There are those who somehow manage to avoid a nuthouse.
In a wooded area, here in Iowa, lives a rather odd married couple by the name of Horning and Hillbetta Dinwiddie. In their late fifties, they, childless, are undoubtedly the strangest couple I’ve ever met. Crazy but harmless, the pair, farmers, wear only pioneer clothing and rarely speak to each other while in the same room; they prefer to communicate while in separate rooms of their two-story farmhouse. I first met Horning and Hillbetta while looking for a place to hunt squirrels. The year was 1989. I asked permission to hunt; it was granted. I never saw the pair again until just a few weeks ago, when I needed a place to hunt for mushrooms. So off I struck off on what would be a 20-mile drive, not even knowing if Horning and his wife were still alive and kicking, or if even they were still residing in the ol’ farmhouse.
Wearing jeans and a T-shirt—the late April air was warm---I arrived at my destination and was quite pleased to see Horning sitting at a weather-worn picnic table that was in his yard. Sitting across from him was his wife, who had shaved her head and was staring at a can of some sort. I had a feeling the couple hadn’t changed one bit over the years.
I silenced the engine of my ’93 Buick and then exited the car, being waved at by Horning, who had grown a beard that stopped at his chest. So ugly was this lean man that it was difficult to look at him and keep a straight face. Not only was his puss an eyesore to look at---his organs of vision were so close he looked like a Cyclops---his left arm was considerably longer than his right, and his right leg was longer than his left. Moreover, he had the longest nose I’d ever seen. Hillbetta, on the other hand, had a normal snout. But, her ears were so large as to be startling, and her lips were so thin that at first glance she appeared to have none at all. She did, however, have very large tits.
Wearing dirty trousers that were being held up by suspenders, Horning arose and, looking at me, said: “Bull (Bill), right?”
I was close enough to the picnic table now to see that Hillbetta was staring at an opened can of evaporated milk. “Right.” I joined the pair, smelling the corralled pigs that were nearby. “Been a while. How are you guys doing?”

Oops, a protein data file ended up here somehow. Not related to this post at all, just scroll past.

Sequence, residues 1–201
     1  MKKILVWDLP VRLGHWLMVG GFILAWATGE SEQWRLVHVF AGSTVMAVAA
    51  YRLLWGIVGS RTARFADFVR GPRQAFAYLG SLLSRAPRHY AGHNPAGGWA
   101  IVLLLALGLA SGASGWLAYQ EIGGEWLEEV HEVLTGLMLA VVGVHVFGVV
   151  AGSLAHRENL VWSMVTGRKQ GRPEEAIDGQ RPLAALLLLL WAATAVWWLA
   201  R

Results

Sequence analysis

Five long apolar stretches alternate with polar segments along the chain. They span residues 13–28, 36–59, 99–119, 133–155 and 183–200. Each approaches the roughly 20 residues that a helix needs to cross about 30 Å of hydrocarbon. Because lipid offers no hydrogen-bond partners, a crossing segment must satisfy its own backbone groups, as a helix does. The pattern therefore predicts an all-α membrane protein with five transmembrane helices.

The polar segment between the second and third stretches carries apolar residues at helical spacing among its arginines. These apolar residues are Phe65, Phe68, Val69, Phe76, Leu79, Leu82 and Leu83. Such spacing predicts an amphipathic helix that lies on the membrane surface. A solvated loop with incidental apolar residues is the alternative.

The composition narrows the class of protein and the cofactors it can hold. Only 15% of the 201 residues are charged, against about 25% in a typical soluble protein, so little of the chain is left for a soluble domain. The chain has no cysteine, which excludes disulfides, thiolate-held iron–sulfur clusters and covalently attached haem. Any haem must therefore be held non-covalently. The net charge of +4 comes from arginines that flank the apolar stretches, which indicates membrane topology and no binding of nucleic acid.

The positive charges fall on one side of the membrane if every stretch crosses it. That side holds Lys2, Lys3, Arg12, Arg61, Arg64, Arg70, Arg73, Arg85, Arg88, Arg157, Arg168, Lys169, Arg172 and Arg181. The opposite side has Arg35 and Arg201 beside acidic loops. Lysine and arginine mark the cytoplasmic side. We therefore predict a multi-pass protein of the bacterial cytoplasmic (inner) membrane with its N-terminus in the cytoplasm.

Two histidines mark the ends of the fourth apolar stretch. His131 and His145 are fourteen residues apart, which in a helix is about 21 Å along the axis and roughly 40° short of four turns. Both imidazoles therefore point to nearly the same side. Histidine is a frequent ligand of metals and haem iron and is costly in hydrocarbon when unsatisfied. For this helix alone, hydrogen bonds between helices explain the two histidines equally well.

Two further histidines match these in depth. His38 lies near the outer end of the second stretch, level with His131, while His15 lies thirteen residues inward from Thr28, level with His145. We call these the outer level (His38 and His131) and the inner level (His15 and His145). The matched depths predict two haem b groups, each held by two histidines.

Hillbetta began to pick her nose, still staring at the can.
“We good,” Horning replied, then farted loudly. “We waiting for milk in can to evaporate. Wife wants can to be empty so she can put worms in it. Her not too smart. Not highly intelligent like Horning. Horning thinking ’bout becoming jinnycolojust (gynecologist). Wife says no. Her not want me to look at ‘nother woman’s crock (crack). Horning won’t. Horning good husband, yes?”
I nodded, my lips having stretched into a lopsided smile, my peering eyes following a rooster that was strutting about. “I’d like to find some edible mushrooms. Mind if look for some in your woods?”
Hillbetta grunted, seemingly unaware of my presence.
Horning lifted a leg and planted a foot on the seat of the table. “Horning not mind.” Those eerie eyes of his narrowed, and his large hands went to his beard. A few seconds later he removed a spider from his facial forest. “A mun (man) who’s afraid of spiders lives in constant fear. Horning not afraid of spiders. Horning fears only nuns in miniskirts and boogers from catfish. Wife fears boxes of cereal and potatoes with eyes. Horning not plant potatoes here on farm. Will have lots of corn---and cucumbers. Wife loves cucumbers. She not eat them though. Says only three letters in the word cucumber interests her. Horning not know what the three letters are. Wife won’t tell me.”
The faint mooing of a distant car struck my ears. “I forgot to bring a sack, in case I find some mushrooms. Got one?”
Hillbetta, still staring at the can, grunted again, this time a little louder.
Horning turned toward the house. “Follow me.” He walked away; I followed, having never been in the old farmhouse before.
I followed him into his place of residence, my nostrils being struck with a strong musty odor. “Big living room, Horning.”
“Yes. Wife and I not fear death while in living room.” He walked away, heading toward perhaps the kitchen.
I was looking about, ample lightning allowing me to see such things as: a TV without a picture tube, a console radio that was upside down, a lumpy couch that was nearly coated with popcorn, an armchair that was missing an arm, numerous dead houseplants, a fish aquarium with the skeleton remains of several fish in it, a wall clock that was without hands, a rocking chair with no seat, and a ceiling fan that was missing two blades. The carpet was in bad shape, and the walls had numerous picture frames attached to them---but no pictures. On the ceiling, near the fan, was a large poster of Mel Gibson. What the rest of the house looked like I could only imagine.
Horning appeared, carrying a grocery sack. “Horning found sack. Wife uses it when peeing. Her not like to pee with head exposed. Not know why.” He handed the sack to me. “Like house, yes?”
“Uh, yeah---yeah, it’s okay. One question though: Why’s the poster of Mel Gibson on the ceiling?”
He lifted his eyes to it. “Wife think he’s hot, so she wanted him close to the fan. Wife not too bright. Fan doesn’t even work. Never did. Wife wants to go to brain school and get smart. We’re still looking for brain school.”
Hillbetta appeared, looking displeased.
Horning narrowed an eye at her. “Wife need to go to ’nother room to speak?”
She nodded, then walked away, heading toward a bedroom; I could see the foot of a bed from where I was standing.
My eyes fell at the sack I was holding. “Think there are tons of mushrooms waiting to be picked?”
“Goddam milk in the can wouldn’t evaporate,” Hillbetta interrupted, speaking from somewhere in the bedroom. Her voice was raspy. “Damn thing wouldn’t---I need a cigar.” She exited the bedroom and was soon back outside, approaching the picnic table, doing so surprisingly seductively.
Horning exited the house; I followed, and we were soon at the picnic table, where Hillbetta had seated herself and starting at the can of evaporated milk.
“Mun (man) want puncock (pancake)?” Horning asked, speaking to me. “Wife makes good puncocks?”